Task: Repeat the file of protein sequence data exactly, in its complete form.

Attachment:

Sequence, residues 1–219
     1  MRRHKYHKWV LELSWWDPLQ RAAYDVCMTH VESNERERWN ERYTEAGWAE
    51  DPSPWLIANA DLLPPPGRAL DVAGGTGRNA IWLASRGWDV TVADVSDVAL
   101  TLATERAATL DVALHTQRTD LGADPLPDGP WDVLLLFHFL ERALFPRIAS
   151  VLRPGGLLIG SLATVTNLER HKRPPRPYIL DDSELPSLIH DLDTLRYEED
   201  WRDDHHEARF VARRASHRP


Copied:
Sequence, residues 1–219
     1  MRRHKYHKWV LELSWWDPLQ RAAYDVCMTH VESNERERWN ERYTEAGWAE
    51  DPSPWLIANA DLLPPPGRAL DVAGGTGRNA IWLASRGWDV TVADVSDVAL
   101  TLATERAATL DVALHTQRTD LGADPLPDGP WDVLLLFHFL ERALFPRIAS
   151  VLRPGGLLIG SLATVTNLER HKRPPRPYIL DDSELPSLIH DLDTLRYEED
   201  WRDDHHEARF VARRASHRP